Thursday, 15 October 2009

But Wait, There's More!

I read that the health care bill in the House (or maybe the Senate - it's a lot to stay up on) would only allow underwriting (defined by me as the charging of higher premiums or not offering coverage to certain customers based on their risk profile) for age, tobacco use and a very few other factors. So the long and the short of it seems like if you are an insurance company and want to be in the business of health insurance at all, you need to more or less charge everyone the same rate. To continue yesterday's comparison, you have to charge the teetotaler who's never had an accident or ticket in his/her life the same rate as the guy who gets in an accident every couple of months. Since tobacco use is so generally vilified, we will compare users to DUI people and say that you can still charge them through the nose.

As Baseline Scenario notes, this leaves it all down to marketing. Maybe this will be good for cycling teams, since at least in the US their audience would seem to be healthier people and marketing to healthier people would be a good thing. But then you will have some companies doing a good job of this, some companies doing a poor job of this, and then the companies which do a poor job will go away. That leaves the public to pay for the higher risk consumers.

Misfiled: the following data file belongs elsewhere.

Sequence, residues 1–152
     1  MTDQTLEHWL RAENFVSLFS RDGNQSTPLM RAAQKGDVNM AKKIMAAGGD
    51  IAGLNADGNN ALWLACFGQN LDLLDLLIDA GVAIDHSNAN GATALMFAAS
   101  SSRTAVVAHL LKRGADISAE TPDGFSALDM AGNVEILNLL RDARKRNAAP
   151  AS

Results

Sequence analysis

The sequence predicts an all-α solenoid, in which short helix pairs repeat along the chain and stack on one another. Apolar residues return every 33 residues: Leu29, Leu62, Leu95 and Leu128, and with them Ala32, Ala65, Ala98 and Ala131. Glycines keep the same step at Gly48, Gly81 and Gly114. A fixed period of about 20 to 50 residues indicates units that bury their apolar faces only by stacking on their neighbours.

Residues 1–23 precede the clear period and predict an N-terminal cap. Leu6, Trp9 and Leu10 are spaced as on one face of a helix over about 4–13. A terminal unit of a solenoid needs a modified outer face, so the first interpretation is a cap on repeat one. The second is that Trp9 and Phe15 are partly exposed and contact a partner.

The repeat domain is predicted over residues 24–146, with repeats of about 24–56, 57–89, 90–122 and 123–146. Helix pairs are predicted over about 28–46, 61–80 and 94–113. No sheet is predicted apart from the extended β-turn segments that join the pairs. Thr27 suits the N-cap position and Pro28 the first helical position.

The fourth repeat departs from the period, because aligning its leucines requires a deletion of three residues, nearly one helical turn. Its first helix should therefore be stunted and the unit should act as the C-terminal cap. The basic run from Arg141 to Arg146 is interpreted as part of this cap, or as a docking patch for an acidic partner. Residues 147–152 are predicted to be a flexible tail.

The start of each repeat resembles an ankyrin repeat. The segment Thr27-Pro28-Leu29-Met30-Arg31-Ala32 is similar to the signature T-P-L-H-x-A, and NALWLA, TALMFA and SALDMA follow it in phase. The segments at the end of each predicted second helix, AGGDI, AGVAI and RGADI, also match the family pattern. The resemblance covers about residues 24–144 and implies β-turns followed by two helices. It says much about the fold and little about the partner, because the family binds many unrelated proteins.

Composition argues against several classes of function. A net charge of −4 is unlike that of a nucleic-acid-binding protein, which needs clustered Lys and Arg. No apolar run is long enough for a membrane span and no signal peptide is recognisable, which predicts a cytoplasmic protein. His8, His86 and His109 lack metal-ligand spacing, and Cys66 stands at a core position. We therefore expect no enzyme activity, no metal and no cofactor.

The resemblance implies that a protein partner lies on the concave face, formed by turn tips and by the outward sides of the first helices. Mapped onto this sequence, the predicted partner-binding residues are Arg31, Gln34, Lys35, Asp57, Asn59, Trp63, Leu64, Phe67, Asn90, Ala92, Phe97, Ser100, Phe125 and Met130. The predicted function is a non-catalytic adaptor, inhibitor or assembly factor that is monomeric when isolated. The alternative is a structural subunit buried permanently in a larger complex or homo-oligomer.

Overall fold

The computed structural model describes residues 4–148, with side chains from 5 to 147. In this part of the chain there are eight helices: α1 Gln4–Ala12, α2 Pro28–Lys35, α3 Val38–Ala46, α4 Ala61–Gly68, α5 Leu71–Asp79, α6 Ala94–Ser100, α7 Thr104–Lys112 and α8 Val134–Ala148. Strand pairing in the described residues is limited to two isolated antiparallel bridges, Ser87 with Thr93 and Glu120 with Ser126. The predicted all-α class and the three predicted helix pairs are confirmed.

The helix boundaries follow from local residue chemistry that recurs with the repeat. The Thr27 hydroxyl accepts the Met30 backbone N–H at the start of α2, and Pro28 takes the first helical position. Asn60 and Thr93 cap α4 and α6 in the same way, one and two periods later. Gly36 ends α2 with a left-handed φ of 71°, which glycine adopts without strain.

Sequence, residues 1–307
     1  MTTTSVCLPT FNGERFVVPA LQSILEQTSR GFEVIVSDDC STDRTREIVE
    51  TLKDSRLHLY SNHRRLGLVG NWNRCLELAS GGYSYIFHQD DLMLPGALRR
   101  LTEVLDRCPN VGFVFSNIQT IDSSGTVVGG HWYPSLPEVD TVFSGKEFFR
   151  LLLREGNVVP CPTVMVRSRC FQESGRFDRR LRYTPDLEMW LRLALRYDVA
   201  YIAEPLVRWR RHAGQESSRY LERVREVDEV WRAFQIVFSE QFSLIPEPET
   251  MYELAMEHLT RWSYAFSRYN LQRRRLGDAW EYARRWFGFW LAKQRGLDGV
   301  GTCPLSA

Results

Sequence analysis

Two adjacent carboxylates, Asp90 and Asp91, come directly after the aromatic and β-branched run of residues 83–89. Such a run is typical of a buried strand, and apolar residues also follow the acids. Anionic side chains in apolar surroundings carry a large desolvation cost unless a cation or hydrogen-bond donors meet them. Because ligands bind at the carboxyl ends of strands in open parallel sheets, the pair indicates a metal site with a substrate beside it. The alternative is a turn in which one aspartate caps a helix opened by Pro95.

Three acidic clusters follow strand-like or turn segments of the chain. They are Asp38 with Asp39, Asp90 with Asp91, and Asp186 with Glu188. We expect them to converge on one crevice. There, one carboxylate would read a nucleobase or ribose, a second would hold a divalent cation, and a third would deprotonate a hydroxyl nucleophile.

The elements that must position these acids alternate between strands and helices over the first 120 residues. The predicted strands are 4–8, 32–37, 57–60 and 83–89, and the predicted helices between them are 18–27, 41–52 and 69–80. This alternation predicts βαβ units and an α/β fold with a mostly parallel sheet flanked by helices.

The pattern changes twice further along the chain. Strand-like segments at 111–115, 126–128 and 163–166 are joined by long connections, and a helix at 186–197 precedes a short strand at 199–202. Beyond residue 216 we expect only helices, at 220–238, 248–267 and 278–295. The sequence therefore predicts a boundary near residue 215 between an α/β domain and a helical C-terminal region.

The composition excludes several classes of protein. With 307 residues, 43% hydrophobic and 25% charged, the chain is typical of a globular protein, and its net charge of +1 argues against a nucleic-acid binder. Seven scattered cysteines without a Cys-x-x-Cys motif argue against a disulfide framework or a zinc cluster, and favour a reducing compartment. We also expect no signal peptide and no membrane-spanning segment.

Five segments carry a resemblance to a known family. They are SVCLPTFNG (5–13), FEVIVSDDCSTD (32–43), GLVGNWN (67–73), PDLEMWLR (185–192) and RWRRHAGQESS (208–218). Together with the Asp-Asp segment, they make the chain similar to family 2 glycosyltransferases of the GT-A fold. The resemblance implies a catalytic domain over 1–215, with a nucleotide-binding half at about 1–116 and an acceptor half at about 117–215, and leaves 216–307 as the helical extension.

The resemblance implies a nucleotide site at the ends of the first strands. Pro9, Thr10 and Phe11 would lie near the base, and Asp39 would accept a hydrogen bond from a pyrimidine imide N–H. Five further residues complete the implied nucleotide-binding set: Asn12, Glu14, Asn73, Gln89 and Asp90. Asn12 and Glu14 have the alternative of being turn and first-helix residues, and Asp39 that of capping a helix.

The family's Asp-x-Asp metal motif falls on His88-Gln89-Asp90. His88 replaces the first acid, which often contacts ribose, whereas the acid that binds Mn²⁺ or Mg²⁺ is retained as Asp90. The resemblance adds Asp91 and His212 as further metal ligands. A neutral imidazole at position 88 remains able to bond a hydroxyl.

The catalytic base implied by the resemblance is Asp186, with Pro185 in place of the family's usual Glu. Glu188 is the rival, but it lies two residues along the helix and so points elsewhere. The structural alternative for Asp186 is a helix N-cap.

So not only do we wind up paying enormous subsidies to produce enough corn syrup to give the entire world Type 2, we'll wind up with a public tab for the downstream consequences of same.

Don't worry, though, the corn and junk food lobbies are doing their best to prevent any taxation on the consumption of their products. Have you seen those ads with the concerned (and nominally attractive and very slim) soccer mom (with her two slim kids) unloading about 4 gallons of soda and bags of junk food, telling you about how these taxes are going to pack a wallop for her family's budget? MAYBE IF YOU PEOPLE DIDN'T PUT KOOL-AID AND SODA IN THEIR KIDS SIPPY CUPS, THEY'D AVOID THESE ONEROUS TAXES?!?!?!

So yes, Jim, my stance on this is libertarian. I don't think we should subsidize the production of shit, and I don't think we should dictate how private companies underwrite, and I don't think we should screw around with behavior based taxes and incentives. But if we are in the business of subsidizing shit, and we are getting into the business of mandated underwriting practices, then we should also be taxing behaviors with guaranteed bad outcomes. I'm libertarian by mindset but this is obviated by reality. We are encouraging bad behavior and socializing the penalties for them. I don't believe that the government should be influencing people's private behaviors, but I also believe that the consequences of bad behavior should be borne by those practicing them. We put all of these incentives out there for people to buy homes, and now we are bailing out banks and individuals. It just keeps getting better and better.

In even scarier news, I present a riddle: What's higher than 4 but lower than 2? I'm now a 3.


Sigberto said...

YEAH!!! Congrats pal. Glad I'll get to line up with you more often.

Drew Armstrong said...